S. Michael Houdmann.
A covenant is an agreement between two parties. There are two types of covenants: conditional and unconditional. A conditional or bilateral covenant is an agreement that is binding on both parties for its fulfillment. Both parties agree to fulfill certain conditions. If either party fails to meet their responsibilities, the covenant is broken and neither party has to fulfill the expectations of the covenant. An unconditional or unilateral covenant is an agreement between two parties, but only one of the two parties has to do something. Nothing is required of the other party.
The Abrahamic Covenant is an unconditional covenant. God made promises to Abraham that required nothing of Abraham. Genesis 15:18-21 describes a part of the Abrahamic Covenant, specifically dealing with the dimensions of the land God promised to Abraham and his descendants.
The actual Abrahamic Covenant is found in Genesis 12:1-3. The ceremony recorded in Genesis 15 indicates the unconditional nature of the covenant. The only time that both parties of a covenant would pass between the pieces of animals was when the fulfillment of the covenant was dependent upon both parties keeping commitments. Concerning the significance of God alone moving between the halves of the animals, it is to be noted that it is a smoking furnace and a flaming torch, representing God, not Abraham, which passed between the pieces. Such an act, it would seem, should be shared by both parties, but in this case it is doubtless to be explained by the fact that the covenant is principally a promise by God. He is the one who binds Himself. God caused a sleep to fall upon Abraham so that he would not be able to pass between the two halves of the animals. Fulfillment of the covenant fell to God alone ….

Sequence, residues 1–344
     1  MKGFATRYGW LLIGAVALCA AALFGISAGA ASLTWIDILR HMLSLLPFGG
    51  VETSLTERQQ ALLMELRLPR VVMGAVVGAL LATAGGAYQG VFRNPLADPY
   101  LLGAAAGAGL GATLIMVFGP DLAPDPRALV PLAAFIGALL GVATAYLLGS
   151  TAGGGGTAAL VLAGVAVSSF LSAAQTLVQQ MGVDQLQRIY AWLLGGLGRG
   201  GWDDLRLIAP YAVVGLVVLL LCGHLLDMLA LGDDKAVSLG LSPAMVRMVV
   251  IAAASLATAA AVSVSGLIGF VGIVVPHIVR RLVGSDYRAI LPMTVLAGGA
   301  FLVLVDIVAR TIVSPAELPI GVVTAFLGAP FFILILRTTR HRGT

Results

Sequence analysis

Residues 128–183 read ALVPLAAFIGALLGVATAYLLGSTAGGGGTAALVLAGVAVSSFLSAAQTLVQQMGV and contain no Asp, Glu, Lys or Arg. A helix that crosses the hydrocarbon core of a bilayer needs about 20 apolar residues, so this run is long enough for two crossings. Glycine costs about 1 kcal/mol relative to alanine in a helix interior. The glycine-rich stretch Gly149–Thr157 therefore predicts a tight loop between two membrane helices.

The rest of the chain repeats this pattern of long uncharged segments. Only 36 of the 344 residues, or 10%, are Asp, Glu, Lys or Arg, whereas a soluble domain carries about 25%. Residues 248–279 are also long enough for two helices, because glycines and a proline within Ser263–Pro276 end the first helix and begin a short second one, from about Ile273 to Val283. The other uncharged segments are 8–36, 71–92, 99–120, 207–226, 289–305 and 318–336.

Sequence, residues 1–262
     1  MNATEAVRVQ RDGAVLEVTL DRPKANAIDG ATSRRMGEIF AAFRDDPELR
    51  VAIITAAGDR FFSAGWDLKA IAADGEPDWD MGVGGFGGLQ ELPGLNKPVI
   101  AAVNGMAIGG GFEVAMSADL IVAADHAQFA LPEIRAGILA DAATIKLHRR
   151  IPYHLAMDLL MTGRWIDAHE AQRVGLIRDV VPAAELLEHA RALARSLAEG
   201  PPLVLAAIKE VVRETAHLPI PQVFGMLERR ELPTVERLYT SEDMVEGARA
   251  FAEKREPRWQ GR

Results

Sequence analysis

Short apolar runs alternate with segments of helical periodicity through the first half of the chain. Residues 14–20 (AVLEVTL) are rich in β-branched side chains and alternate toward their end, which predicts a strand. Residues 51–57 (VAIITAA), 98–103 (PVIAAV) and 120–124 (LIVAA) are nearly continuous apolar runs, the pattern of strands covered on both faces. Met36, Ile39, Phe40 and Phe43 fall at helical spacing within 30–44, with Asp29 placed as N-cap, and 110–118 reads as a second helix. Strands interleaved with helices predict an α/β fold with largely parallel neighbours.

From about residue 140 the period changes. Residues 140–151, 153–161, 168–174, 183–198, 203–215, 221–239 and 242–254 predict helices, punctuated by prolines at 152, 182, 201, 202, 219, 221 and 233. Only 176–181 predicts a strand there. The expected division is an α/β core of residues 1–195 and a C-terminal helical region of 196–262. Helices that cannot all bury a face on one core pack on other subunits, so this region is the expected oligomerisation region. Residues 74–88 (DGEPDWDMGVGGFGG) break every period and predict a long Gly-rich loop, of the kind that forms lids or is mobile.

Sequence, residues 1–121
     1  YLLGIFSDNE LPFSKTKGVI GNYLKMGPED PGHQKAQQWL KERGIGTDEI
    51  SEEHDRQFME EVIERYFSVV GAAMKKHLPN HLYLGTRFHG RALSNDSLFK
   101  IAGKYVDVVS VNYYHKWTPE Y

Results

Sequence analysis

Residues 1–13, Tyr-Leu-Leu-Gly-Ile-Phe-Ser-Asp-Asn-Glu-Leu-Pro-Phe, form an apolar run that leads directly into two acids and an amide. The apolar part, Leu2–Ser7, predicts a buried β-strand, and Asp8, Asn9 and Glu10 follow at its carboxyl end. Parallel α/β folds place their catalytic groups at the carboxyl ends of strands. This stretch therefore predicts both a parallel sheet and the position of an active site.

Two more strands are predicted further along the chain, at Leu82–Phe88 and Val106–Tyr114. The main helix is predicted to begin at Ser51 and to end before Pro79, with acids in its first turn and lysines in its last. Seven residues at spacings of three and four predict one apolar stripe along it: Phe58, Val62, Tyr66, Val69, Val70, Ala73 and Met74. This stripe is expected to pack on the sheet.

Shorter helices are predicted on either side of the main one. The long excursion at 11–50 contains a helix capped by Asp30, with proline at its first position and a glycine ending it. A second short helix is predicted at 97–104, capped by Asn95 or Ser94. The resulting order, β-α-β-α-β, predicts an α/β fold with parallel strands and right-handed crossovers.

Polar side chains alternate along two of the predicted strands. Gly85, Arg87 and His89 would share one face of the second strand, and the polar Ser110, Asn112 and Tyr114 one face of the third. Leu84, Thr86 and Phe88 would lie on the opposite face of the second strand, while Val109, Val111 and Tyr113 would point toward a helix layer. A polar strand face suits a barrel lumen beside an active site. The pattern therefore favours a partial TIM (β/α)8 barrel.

The Abrahamic Covenant … is an unconditional covenant. There are no conditions attached to it (no “if” clauses, suggesting its fulfillment is dependent on man). It is also a literal covenant in which the promises should be understood literally. The land that is promised should be understood in its literal or normal interpretation — it is not a figure of heaven. It is also an everlasting covenant. The promises that God made to Israel are eternal ….
God’s method of fulfilling the Abrahamic Covenant is literal, inasmuch as God partially fulfilled the covenant in history: God blessed Abraham by giving him the land (Genesis 13:14–17); God blessed him spiritually (Genesis 13:8, 18; 14:22, 23; 21:22); God gave him numerous descendants (Genesis 22:17; 49:3–28). The important element of the Abrahamic Covenant, however, demands a future fulfillment with Messiah’s kingdom rule ….
The Abrahamic Covenant finds its ultimate fulfillment in connection with the return of Messiah to rescue and bless His people Israel. It is through the nation Israel that God promised in Genesis 12:1–3 to bless the nations of the world. That ultimate blessing will issue in the forgiveness of sins and Messiah’s glorious kingdom reign on earth.